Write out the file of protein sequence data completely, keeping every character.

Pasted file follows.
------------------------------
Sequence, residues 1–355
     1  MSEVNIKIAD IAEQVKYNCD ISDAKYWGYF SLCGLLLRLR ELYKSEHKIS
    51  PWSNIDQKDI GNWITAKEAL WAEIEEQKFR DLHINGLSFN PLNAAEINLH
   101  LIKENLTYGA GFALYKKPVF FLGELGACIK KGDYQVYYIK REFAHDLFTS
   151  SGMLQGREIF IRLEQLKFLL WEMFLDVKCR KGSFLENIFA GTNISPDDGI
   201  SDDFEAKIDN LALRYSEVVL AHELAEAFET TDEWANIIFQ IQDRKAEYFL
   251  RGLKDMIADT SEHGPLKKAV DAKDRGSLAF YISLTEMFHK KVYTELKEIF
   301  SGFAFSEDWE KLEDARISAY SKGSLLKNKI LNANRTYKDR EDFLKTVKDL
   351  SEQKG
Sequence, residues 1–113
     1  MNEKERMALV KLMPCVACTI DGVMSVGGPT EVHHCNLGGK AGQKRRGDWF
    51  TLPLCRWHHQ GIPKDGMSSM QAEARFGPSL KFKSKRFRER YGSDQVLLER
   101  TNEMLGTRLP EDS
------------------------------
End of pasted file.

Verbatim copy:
Sequence, residues 1–355
     1  MSEVNIKIAD IAEQVKYNCD ISDAKYWGYF SLCGLLLRLR ELYKSEHKIS
    51  PWSNIDQKDI GNWITAKEAL WAEIEEQKFR DLHINGLSFN PLNAAEINLH
   101  LIKENLTYGA GFALYKKPVF FLGELGACIK KGDYQVYYIK REFAHDLFTS
   151  SGMLQGREIF IRLEQLKFLL WEMFLDVKCR KGSFLENIFA GTNISPDDGI
   201  SDDFEAKIDN LALRYSEVVL AHELAEAFET TDEWANIIFQ IQDRKAEYFL
   251  RGLKDMIADT SEHGPLKKAV DAKDRGSLAF YISLTEMFHK KVYTELKEIF
   301  SGFAFSEDWE KLEDARISAY SKGSLLKNKI LNANRTYKDR EDFLKTVKDL
   351  SEQKG
Sequence, residues 1–113
     1  MNEKERMALV KLMPCVACTI DGVMSVGGPT EVHHCNLGGK AGQKRRGDWF
    51  TLPLCRWHHQ GIPKDGMSSM QAEARFGPSL KFKSKRFRER YGSDQVLLER
   101  TNEMLGTRLP EDS